Queer film addresses change and stasis through intimacy

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Carlos Hendrick Huber as Óscar kissing Gerardo Del Razo as Román in “These Peculiar Days.” Photo courtesy of TLA Releasing

The scrappy queer Mexican film, “These Peculiar Days,” now out on DVD and available on VOD, chronicles the sexual rondelet among horny high school graduates over four summer days. At first, viewers may need a scorecard to keep track of who is who (and who is with whom). Queer writer and director Chucho E. Quintero introduces eight friends — well, most of them are friends — as they head off to a cabin for a weekend that Roco (Christopher Aguilasocho) refers to as, “a spiritual, emotional, sensorial retreat.” 

Initially, tensions are high. Román (Gerardo Del Razo) hopes to get back together with his ex-girlfriend Isabel (Sofia Sylwin), but he also has sexual feelings for Óscar (Carlos Hendrick Huber), who is attending the getaway. Their love triangle is further complicated by the fact that Isabel is canoodling with Renata (Carolina Gómez). Another concern on the trip concerns their classmate Juan Pablo (Isai Flores Navarrete), who has gone missing. His absence darkens the atmosphere of the gathering.

To lighten the mood, Imanol (Axel Arenas) brings some drugs, which Roco — who makes everyone put their cell phones in a drawer — is most eager to consume. 

Rounding out the crew are Valentina (Ana Lourdes Zamarrón) and the virginal Hugo (Max Thomsen). These latter two characters are mostly superfluous; they could easily have been cut out of the story without consequence. Both spend large stretches of time off-screen. When Hugo reappears late in the film, viewers may have forgotten he was in it.

“These Peculiar Days” toggles back and forth in time to establish the characters’ relationships and backstories. Quintero edits these snippets, filmed with a fuzzy lens to indicate “the past,” a bit frenetically. The flashbacks can be hard to follow until the characters are better known. When the film slows down and focuses on the present, it becomes quite absorbing. Roco is bemoaning having to please his father and study economics in college. Isabel and Román try to avoid each other, and when they are together, they snipe. Óscar tries to determine if things between him and Román are “OK,” but the silences in their conversation are freighted with meaning. These characters show who they are and start to grow on viewers who fall into the film’s easygoing rhythms.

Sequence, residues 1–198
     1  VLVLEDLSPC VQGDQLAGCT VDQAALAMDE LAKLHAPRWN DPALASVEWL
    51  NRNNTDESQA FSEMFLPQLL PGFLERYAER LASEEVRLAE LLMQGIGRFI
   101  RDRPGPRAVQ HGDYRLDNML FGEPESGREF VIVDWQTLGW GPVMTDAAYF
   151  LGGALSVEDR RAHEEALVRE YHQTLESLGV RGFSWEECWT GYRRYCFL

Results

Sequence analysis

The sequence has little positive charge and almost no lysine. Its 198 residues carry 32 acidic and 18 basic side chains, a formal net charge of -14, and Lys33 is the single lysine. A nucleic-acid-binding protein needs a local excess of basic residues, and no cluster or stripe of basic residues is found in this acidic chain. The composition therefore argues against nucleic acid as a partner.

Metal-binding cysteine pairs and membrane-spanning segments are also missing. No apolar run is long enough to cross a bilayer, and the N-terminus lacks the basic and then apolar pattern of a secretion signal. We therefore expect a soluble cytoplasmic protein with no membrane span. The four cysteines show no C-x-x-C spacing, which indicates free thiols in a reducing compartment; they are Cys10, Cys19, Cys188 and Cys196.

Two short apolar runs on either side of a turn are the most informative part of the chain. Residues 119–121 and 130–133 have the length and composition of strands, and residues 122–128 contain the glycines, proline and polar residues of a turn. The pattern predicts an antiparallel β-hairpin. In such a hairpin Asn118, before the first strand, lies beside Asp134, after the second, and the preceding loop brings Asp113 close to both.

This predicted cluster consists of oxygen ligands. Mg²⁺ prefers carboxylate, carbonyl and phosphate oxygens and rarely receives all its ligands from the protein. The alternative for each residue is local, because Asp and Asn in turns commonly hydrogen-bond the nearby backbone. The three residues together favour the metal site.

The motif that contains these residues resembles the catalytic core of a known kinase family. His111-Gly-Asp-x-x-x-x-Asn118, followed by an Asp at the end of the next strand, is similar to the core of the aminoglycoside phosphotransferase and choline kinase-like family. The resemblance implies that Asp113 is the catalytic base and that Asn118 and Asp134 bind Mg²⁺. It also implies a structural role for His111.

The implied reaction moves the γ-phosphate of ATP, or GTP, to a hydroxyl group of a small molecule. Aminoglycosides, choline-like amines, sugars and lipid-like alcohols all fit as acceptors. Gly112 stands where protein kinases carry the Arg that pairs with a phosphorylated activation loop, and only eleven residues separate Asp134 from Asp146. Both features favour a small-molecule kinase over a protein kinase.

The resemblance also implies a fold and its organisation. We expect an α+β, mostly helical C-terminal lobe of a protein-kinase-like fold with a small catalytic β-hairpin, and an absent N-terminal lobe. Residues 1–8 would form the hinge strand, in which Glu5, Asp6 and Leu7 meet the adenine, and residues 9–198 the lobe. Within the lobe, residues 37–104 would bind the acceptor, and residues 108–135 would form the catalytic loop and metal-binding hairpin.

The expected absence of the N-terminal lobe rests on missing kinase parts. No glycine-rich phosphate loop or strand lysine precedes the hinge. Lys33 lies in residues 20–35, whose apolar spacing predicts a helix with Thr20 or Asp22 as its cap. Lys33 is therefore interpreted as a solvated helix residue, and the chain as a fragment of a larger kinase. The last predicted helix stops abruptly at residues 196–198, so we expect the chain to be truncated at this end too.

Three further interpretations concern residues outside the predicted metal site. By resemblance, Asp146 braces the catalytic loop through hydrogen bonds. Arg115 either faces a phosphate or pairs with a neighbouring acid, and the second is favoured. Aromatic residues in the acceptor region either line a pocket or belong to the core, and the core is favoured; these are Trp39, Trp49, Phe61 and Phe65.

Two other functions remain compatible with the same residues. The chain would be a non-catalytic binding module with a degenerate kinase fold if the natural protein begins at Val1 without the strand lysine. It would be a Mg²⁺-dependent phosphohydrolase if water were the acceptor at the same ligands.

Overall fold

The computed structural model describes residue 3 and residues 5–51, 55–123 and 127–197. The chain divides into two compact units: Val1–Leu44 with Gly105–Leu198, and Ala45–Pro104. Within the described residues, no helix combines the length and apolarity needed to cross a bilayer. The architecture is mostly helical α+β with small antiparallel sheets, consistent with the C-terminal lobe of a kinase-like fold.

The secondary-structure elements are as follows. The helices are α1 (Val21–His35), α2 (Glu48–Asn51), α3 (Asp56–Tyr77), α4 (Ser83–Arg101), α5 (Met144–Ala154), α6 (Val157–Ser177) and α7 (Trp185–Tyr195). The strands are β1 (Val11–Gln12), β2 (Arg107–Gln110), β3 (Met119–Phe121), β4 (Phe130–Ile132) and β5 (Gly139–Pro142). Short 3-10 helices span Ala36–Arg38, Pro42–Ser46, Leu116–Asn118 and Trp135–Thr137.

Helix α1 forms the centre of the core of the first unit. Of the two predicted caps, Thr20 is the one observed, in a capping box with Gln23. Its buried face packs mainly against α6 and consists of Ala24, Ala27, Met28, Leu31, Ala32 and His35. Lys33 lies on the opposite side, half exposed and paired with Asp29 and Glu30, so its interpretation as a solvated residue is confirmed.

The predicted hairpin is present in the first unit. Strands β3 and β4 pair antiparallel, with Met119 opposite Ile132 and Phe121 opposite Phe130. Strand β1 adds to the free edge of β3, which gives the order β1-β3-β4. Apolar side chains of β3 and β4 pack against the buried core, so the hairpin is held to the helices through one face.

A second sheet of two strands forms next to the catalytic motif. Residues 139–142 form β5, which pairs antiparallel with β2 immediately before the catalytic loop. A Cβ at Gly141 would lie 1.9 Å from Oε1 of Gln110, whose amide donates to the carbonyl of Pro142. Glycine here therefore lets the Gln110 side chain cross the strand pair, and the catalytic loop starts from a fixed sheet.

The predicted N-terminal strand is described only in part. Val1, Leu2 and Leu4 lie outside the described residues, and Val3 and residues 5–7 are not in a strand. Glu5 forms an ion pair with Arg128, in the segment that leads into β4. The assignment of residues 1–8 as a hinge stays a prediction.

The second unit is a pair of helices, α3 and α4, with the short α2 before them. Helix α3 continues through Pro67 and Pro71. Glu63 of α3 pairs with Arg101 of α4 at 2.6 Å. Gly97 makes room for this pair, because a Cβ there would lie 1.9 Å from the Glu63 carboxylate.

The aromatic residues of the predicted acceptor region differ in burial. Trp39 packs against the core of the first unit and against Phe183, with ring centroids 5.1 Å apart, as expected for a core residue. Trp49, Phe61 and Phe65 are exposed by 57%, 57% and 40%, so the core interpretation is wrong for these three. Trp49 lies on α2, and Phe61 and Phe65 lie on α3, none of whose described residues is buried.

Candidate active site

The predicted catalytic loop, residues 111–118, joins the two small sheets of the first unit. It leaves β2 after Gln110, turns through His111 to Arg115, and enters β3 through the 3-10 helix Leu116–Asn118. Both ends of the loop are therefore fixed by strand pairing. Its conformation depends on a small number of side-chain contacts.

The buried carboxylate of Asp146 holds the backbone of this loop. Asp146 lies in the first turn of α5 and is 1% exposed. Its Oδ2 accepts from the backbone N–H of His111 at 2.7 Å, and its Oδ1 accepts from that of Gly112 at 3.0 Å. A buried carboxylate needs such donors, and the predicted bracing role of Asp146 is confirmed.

Quintero addresses issues of stasis and change — as indicated by a Frank Ocean quote that opens “These Peculiar Days.” He is best when playing up the ambiguities. One highlight has Román masturbating and fantasizing about Isabel and Óscar separately and together to illustrate his conflicting desires. The filmmaker also allows for some introspective moments, as when Imanol talks about the unexpected loss of his brother and how that impacted him. 

The characters’ bonding extends to when they take drugs. Isabel helps the disoriented Román come down in a shower, and Quintero films this sequence artfully through glass steaming up. This episode shows these lovers reconnecting, but Román also cuddles up later with Óscar, and the two have sex. Román tries to keep anyone else from finding out about his gay hookup. The film reveals several characters keeping secrets about relationships, which adds a layer of intrigue to the romantic drama.

The sex scenes, which get more extensive and explicit as “These Peculiar Days” goes on, do more than just present the characters’ sexual fluidity.  The intimacy helps each of them feel more connected and less lonely. These teens are not just on the cusp of going their separate ways but also grappling with concerns over their missing friend, Juan Pablo. One of the more erotic scenes has Roco and Renata coupling up to feel better. Imanol soon joins them. While Roco is at first nervous about a same-sex encounter — he pushes Imanol away when he tries to kiss him — Imanol does find a way to express his affection for Roco.

Quintero asks his actors to participate in some pretty racy scenes (all of the sex is simulated). The actors, who look older than the teenagers they play, all give very unselfconscious performances. Gerardo Del Razo creates a rapport with both Sofia Sylwin and Carlos Hendrick Huber, and their love scenes reflect a tenderness that belies their characters.  

The supporting cast can, at times, feel slightly underused, but Christopher Aguilasocho ably conveys Roco’s anxiety about his future, and Axel Arenas gives arguably the film’s best performance as the fun-loving Imanol.

“These Peculiar Days” is a modest but engaging film. It certainly provides a diverting way to spend a cold winter night. The film might start out rough but stick with it. By the end, viewers may wish to spend more than 100 minutes with these particular characters.